I think if a dream image does not represent something, does not have something to say about the realities of life, then it probably is not a significant dream image. I agree that not all dream images are symbolic. Some dream images are probably just random firings of neurons (mental house cleaning), as opposed to being an attempt at communication between the subconscious mind and the conscious mind. Dreams (including waking dreams as in a trance) are a real, direct mental experience. It is something that happens to us. But that is because we are deaf, dumb and blind to the hidden processing of the subconscious mind.

        I don’t think I understand this category “mental/psychological theism”. It sounds like you are saying that mental theism is a belief in gods who exists only in the mind and are not representative of any external or internal realities, including forces, drives, desires, fears, relationships, and values (the juice of life). If mental gods don’t carry any meaning, then what meaning do they have? Are they just objects in the mind?

      • MJ wrote: “It seems to me that you guys are thinking of the term “symbol” in a very narrow sense, as in dove = peace – something consciously created, understood and to some extent agreed upon by humans.

        I think “symbolic” is good, so long as it is understood it “is not fully created, controlled or understood by humans.” I don’t think that is how most people think of symbols unfortunately.

        MJ wrote: “If mental gods don’t carry any meaning, then what meaning do they have? Are they just objects in the mind?”

        Speaking for myself, I am not saying that such experiences are not meaningful. I am just concerned about that meaning being reduced to a single proposition. I think some encounters in dreams or active imagination can be more like meeting a person than seeing a street sign. We can easily say what the meaning of a street sign is, but what is the meaning of an encounter with a person? Obviously, the encounter can be meaningful, but calling it “symbolic” can seem reductive.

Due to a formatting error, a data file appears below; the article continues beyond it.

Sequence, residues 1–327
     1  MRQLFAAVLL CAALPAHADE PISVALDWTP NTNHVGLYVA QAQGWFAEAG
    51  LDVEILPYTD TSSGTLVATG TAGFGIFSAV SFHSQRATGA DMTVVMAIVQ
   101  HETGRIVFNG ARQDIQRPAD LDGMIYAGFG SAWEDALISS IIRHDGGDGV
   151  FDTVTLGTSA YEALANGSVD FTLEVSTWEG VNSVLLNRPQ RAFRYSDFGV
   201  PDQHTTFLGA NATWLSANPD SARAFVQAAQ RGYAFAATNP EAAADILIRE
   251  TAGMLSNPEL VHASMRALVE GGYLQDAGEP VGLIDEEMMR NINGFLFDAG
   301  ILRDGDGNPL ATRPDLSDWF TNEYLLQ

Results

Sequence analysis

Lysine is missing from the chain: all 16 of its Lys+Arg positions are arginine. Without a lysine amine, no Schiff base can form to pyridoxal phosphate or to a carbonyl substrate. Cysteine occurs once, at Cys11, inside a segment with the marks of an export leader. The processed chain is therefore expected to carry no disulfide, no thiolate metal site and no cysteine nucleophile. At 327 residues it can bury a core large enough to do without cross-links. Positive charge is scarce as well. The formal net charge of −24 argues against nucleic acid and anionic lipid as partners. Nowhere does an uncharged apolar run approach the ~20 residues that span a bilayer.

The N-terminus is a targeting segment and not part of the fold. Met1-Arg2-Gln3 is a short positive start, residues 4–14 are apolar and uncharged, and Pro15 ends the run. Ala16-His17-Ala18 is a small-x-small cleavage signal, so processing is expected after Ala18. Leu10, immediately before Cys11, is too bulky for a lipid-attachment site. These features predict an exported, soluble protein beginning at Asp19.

2. Not sure the article should start with reference to myth. I’d bring that in later. Maybe swap the first two paragraphs? As it stands it seems to frame deity entirely in terms of myth, and I am not sure that’s accurate.

  3. Also where does something like pantheism fit in here? If one worships the Earth, or the Cosmos, then is that conception of deity subsumed under one of the listed categories? It doesn’t seem to me that it does but perhaps I’m being dense.

  4. I do worship (although I don’t like to use that word) the Earth and Cosmos, and I do use the names, images and stories of mythic characters to represent my relationship with Earth/Cosmos. Does this mean I am practicing two forms of theism? If it does then our categories are too narrow. I think the problem is this word symbol.

    • On reflection, I think we should here limit the term theism to mythic conceptions of deities (by which I would also include Yahweh, Jesus and the Holy Spirit). In this case pantheists that do not include god and goddess language, images and/or stories would be non-theistic, and pantheists that use deity language, images and stories to represent various sacred qualities of Earth and Cosmos would be practicing a form of symbolic theism. Otherwise the pantheist that worships Earth and Cosmos would seem to be more of a non-anthropomorphic hard theists, which doesn’t seem right to me. I also think we should scrap “anti-theism” for the less pejorative “non-theism”.

      Bart’s comments raise lots of questions for me as to how to define deity. What is a non-mythic goddess? A goddess without a story? Do we need a different frame of reference to talk about our relationship to the “sacred”?